The lecturers were very interested to find out about the Youth Fight for Jobs Jarrow March in October and the Merthyr to Cardiff march that will be taking place in August. A number of them contributed to an appeal for support and a YF4J representative will be going back to speak to the branch.

Merthyr Tydfil

Workers on the picket line at the DWP in Merthyr had the advantage of being in the high street, so they were kept busy by a constant flow of people supporting the dispute. The pickets were in high spirits and they had come so well prepared that they looked as though they were ready to stay for weeks. There were two camera crews filming them, as they talked to the passers by and handed out leaflets and stickers, while their children – freed for picket duty because their teachers were on strike – waved banners in the background. “He knows everything about this dispute”, one worker said of her son.

At a quarter past twelve, the pickets packed up and walked 150 yards down the road to the rally of about 200 in the Civic Centre, which had been organised by Merthyr Trades Council. Royal Mail posties from the CWU, Council workers from Rhondda Cynon Taff and Merthyr Unison and the GMB, Unite and UCATT members joined striking PCS, NUT and ATL members. A number of school students had also come, some with their parents, others in groups of friends. Several gave their details and said they would like to come on the Youth Fight for Jobs march from Merthyr to Cardiff.

The response for the trade union speakers was warm and Jaime Davies from the Youth Fight for Jobs was interrupted by applause when he spoke. But when Dai Havard, the MP for Merthyr began to speak one teacher from Pontypridd tried to shut him up.

"What are you doing speaking?!" she shouted. "You don’t support this strike! Ed Milliband doesn’t support it! The Labour Party doesn’t support it. Get off."

The rest of the crowd stayed quiet, but there were quite a few nods of agreement.

The clear feeling was - this is just the start. We are going to fight this government and beat them.


UNISON members joined the rallies

Hundreds of workers picketed across Newport with large picket lines at the Office for National statistics, Intellectual Property Office and Passport Office.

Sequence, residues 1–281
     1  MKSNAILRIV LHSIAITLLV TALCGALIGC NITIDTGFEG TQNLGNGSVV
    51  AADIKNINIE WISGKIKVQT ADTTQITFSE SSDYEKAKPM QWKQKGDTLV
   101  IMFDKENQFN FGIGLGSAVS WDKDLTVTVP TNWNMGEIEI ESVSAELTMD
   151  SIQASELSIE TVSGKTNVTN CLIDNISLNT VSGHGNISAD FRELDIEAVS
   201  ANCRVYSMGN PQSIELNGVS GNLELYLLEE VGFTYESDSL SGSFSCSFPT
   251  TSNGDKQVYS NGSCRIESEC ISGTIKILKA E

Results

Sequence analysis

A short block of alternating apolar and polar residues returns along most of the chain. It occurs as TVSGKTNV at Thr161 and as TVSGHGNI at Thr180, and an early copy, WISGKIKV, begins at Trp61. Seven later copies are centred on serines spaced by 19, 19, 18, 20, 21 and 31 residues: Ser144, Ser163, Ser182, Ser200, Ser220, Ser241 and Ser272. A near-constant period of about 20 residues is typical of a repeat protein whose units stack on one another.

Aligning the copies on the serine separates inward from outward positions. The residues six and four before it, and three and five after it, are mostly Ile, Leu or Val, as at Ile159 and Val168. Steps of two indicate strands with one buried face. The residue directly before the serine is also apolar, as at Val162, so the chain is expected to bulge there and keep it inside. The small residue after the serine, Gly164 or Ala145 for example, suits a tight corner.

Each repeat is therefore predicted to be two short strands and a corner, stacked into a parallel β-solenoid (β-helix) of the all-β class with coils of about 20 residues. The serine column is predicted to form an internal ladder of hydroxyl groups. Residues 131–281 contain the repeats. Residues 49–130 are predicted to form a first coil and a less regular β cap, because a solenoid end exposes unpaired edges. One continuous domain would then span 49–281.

The Passport Office has been earmarked for closure. The government has promised to save 120 jobs but workers at the office are having to reapply for these jobs competing with applicants from outside the office in a full application process. All Home Office workers will be balloted to take action to defend all the Passport Office workers.

At Coleg Gwent in Newport even the principal and managers were on strike. At the DWP call centre pickets reported an even greater response to the strike than in other disputes.

UNISON members from the Royal Gwent and Newport council took time off work to join the 250 strong rally in John Frost square where they heard speaker after speaker condemn the hypocrisy of the Con Dems in attacking their pensions while the fat cats continue to get massive pensions

The poorest speakers were from the main parties. Despite opposing the strike, Labour MPs and AMs were invited to speak, but all declined, citing other meetings and business. Two Labour councillors did speak to attack the other parties. One criticised the turnout at the rally and instructed the strikers to bring "20 each" to the next rally. The Plaid and Green speakers were also poor.


Over sixty strikers joined a rally and march in Llandrindod Wells, Powys. Powys is the largest and most thinly populated of any county in England and Wales, with no big towns, so a rally of this size, with people coming from over fifty miles away shows the depth of feeling on the issue.

Speakers from NUT, ATL and PCS described their members’ anger at the attack on their pensions and wortking conditions. A trade unionist from Remploy reminded people that this was only part of the Government’s attack on working people and on people with disabilities.